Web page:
the Ouse and Severn had been effectually subdued and garrisoned by the Normans; there remained, however, the extensive provinces north of these rivers which still preserved their independence, and afforded a retreat for all the patriots of the south whom the Conqueror had dispossessed of their lands and forced to flee. Here the Northumbrian chiefs Edwin and Morkar, the brothers-in-law of King Harold, a young Saxon named Edrick, and many other patriots, some of whom had sworn never again to sleep under a roof until their country should be delivered out of the strangers' hands, were constantly engaged in schemes and plots for the expulsion of the Normans. A close alliance was formed for this purpose between the Saxons and the Welsh of the west of Mercia, who generously forgot that, on the present occasion, the Anglo-Saxons were suffering precisely what, six hundred years before, they had themselves inflicted on the Celtic British. Besides the Welsh, the Anglo-Saxons found another ally in the Scotch, under their king, Malcolm Canmore, in whose dominions the young Saxon king, Edgar Atheling, with his mother and his two sisters, sought a refuge. Malcolm—a monarch of great abilities, and who, from an early period of his reign, had made it a part of his policy, for the civilisation of his own kingdom, to admit into it all strangers who chose to come—received the refugees kindly, gave them lands in the Lothians, and, in token of his friendship for the Saxons, married Edgar's younger sister Margaret, a princess of extraordinary accomplishments for that period.

Hearing of this triple alliance between the Anglo-Saxons, the Welsh, and the Scotch, William marched northwards, and, victorious wherever he advanced, took in succession the towns of Oxford, Warwick, Leicester, Derby, Nottingham, Lincoln, and York. After the siege of York, an incident occurred which Thierry thus narrates: 'Eldred, Archbishop of York, who had lent his assistance at the consecration of the foreign king, came into the desolated city to perform some religious ceremony. When he came, he sent to his lands, not far from the city, for some provisions for his household. His servants, driving wagons laden with corn and other articles, .were met at one of the gates of York by the Norman governor with a numerous escort. "Who are you?" demanded the Norman; "and to whom do these supplies belong?" "We are," said they, "the archbishop's servants, and these provisions are for the use of his household." The viscount, paying no respect to this intimation, made a sign to his soldiers to seize the horses and wagons, and carry the provisions to the Norman magazines. When the archbishop, the friend and ally of the conquerors, found that even he did not escape the miseries of the Conquest, there arose in his soul an indignation which his calm and prudent spirit had never experienced before. He immediately repaired to the Conqueror's quarters, and presented himself in his episcopal habits, with his pastoral staff in his hand. William rose, according to custom, to give the archbishop the kiss of peace; but the Saxon stepped back, and Said: "Hear me, King William. Thou wert a foreigner; nevertheless, because it was God's will to punish this nation, thou didst obtain, at the cost of much blood, the kingdom of England. Then I anointed thee king; I crowned thee; I blessed thee with mine own hands; but now I curse thee and thy race, because thou hast deserved it; because thou art the persecutor of God's church, and the oppressor of its ministers." The Norman attendants of William had their swords half unsheathed, and would have killed the old man; but William allowed him to depart.'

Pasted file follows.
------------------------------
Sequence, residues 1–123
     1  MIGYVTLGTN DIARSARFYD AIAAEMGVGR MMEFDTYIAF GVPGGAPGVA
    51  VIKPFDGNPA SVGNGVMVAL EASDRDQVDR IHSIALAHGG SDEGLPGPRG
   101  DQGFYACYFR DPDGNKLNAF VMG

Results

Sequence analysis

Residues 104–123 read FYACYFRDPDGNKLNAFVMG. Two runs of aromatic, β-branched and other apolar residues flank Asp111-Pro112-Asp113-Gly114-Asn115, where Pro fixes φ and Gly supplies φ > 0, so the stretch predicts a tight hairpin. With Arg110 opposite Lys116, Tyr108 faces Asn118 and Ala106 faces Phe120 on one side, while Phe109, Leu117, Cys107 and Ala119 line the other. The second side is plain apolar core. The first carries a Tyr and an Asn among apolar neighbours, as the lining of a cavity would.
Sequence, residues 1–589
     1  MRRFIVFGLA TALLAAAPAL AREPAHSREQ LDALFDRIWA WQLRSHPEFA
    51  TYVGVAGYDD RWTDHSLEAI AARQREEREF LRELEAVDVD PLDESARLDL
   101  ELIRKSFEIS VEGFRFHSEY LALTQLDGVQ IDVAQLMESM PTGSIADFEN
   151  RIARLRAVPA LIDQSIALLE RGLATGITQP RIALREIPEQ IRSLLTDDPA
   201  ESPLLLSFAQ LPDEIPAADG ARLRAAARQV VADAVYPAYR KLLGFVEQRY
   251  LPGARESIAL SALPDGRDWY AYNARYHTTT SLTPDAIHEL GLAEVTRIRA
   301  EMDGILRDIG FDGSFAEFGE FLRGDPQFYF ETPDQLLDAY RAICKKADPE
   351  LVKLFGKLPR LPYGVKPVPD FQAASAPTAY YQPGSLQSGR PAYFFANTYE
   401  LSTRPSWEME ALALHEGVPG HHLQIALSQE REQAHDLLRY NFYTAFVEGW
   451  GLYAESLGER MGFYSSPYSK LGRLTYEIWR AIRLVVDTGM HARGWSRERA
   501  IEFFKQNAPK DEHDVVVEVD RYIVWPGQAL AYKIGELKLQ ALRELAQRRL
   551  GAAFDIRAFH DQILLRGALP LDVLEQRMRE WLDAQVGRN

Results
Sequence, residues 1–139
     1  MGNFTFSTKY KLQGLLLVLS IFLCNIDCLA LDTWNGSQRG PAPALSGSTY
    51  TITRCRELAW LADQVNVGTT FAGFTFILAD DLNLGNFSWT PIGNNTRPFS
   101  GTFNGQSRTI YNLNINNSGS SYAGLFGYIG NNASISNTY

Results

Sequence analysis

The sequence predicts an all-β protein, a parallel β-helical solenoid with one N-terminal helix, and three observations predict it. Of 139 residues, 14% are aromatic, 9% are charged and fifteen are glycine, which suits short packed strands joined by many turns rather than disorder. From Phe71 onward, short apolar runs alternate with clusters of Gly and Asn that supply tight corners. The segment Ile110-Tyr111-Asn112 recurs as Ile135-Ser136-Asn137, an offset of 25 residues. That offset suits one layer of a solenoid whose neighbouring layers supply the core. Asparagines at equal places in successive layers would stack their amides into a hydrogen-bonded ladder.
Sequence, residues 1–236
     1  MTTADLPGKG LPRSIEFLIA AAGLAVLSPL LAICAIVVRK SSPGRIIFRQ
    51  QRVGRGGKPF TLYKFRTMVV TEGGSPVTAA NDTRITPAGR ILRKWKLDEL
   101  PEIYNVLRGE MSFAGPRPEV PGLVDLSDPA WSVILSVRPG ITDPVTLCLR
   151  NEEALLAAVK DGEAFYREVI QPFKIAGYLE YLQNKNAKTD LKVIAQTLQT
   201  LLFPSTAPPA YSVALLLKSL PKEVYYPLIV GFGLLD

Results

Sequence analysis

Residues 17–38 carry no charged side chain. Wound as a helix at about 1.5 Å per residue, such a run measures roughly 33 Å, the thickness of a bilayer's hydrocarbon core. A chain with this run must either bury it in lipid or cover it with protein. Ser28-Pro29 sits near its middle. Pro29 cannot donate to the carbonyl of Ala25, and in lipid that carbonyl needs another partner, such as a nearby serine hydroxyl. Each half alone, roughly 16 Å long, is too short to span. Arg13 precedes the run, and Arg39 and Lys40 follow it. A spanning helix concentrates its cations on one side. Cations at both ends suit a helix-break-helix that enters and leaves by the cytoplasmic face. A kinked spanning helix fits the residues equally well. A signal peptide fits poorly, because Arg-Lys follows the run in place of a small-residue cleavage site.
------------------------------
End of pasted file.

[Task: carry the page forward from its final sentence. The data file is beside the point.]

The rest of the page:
For two years York was the northernmost post of the Normans, and Northumbria continued in the possession of the Saxon patriots. Many attempts were made by the latter, assisted by the Welsh, the Scotch, and also by a Danish fleet sent to their aid by Sweyn, king of Denmark, to regain what they had lost; and one of these was so successful, that York came again into their possession, and Edgar Atheling was again saluted as king in the northern provinces. This success was partly owing to the diminished enthusiasm of the Normans in the cause of the Conquest, many of whom, instead of settling in the country, had taken the earliest opportunity of re-embarking for their native land, carrying along with them the riches which they had acquired. In 1070, however, William made a second expedition into the north, and before his activity and the valour of his troops all opposition gave way. Cumberland and Northumberland were reduced; Edgar and some of his followers fled again into Scotland; while the great patriot chiefs, Waltheof, Edwin, Morkar, and Cospatrick, were obliged to submit to the Conqueror. At the end of that year the whole of England, from Land's End to Tweed, was virtually conquered by the Normans.


After the completion of the Conquest, in the year 1070, the AngloSaxons may be considered as dividing themselves into three classes —the great mass of the population, which lived groaning under the Norman yoke; the patriot outlaws, who swarmed in the forests and less accessible districts of the country, and waged a perpetual war with the foreigners, leading a free but savage and precarious life; and the exiles, who, quitting their native land, scattered themselves in search of liberty over all parts of the world. Of the first class— the great mass of the subdued Saxon population—a little more must be said.